Because of the many potential errors, the implementation of application software in an FVL requires a considerably more involved development process than an implementation in an LVL. ISO 13849-1 prescribes a very simplified software development process for implementations in an LVL. On the other hand, the IEC 61508 series of standards applies when the application software is implemented in an FVL. This series of standards consists of 7 parts with a total of approximately 430 pages. The installation of a standard-compliant development process in accordance to IEC 61508 in and of itself represents an enormous investment. Software implementation in an FVL therefore involves disproportionately more time and expenses than implementation in an LVL. When selecting a programming language it is therefore well-advised to choose an LVL. When selecting a system, the configuration software and its classification should be evaluated based on these criteria.
Integrated Safety Technology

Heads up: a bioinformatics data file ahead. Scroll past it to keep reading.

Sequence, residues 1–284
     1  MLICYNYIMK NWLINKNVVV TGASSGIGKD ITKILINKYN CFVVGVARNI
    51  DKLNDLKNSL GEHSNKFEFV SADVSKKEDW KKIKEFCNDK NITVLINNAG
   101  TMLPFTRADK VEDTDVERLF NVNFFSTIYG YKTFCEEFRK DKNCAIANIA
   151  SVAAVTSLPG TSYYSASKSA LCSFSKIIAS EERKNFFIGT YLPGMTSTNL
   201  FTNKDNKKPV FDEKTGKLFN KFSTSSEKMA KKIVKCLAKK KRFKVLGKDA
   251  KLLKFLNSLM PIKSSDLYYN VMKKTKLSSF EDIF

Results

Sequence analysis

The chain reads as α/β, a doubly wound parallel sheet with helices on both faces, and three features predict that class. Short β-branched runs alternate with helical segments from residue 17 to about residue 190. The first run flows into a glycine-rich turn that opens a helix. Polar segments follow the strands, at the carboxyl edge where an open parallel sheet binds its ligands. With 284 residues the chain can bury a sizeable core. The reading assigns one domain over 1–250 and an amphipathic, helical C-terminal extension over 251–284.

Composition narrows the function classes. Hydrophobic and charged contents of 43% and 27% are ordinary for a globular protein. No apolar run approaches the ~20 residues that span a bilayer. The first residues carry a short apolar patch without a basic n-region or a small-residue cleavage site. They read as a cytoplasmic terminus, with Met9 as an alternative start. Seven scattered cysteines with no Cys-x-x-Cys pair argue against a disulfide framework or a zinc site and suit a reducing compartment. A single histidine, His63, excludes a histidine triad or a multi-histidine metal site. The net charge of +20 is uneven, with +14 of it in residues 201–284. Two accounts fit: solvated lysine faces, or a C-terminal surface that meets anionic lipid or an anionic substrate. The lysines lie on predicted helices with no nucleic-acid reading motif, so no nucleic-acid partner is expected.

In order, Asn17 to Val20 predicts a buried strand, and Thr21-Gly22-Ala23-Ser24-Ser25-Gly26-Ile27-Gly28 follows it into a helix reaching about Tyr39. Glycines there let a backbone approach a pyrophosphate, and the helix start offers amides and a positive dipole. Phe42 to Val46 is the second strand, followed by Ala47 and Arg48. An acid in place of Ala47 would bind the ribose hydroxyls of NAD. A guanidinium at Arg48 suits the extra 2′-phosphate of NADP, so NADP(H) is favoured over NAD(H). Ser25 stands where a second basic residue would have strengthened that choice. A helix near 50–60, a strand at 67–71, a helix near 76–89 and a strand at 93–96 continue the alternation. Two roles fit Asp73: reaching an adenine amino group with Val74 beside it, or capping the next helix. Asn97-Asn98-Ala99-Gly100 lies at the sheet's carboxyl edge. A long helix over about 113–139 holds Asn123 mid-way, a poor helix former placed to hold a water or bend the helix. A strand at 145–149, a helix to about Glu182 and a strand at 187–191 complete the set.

With its Integrated Safety Technology, B&R has raised the bar for straightforward applications, reliable service scenarios and continuous scalability. The safety functions are programmed in the Automation Studio SafeDESIGNER. In addition to FBK and LD language elements that conform to IEC 61131-3, users have a TÜV certified library with 20 function blocks for machine automation available to them. All function blocks fully correspond to the PLCopen standard. Programming of the safety application is reduced to the virtual wiring of the logical blocks. This very straightforward and intuitive operation makes the resulting applications clearly structured and easy to understand. Errors are prevented very early in all stages of development. SafeDESIGNER precisely meets all expectations placed on an LVL programming system. Still, the toolkit also makes it possible to create extensive, complex applications, since it is not limited to the configuration of individual blocks, but also allows for free programming with all the possibilities permitted for an LVL. This makes the SafeDESIGNER program editor the only certified system on the market that masters the conflicting objectives of open programming and strict adherence to LVL.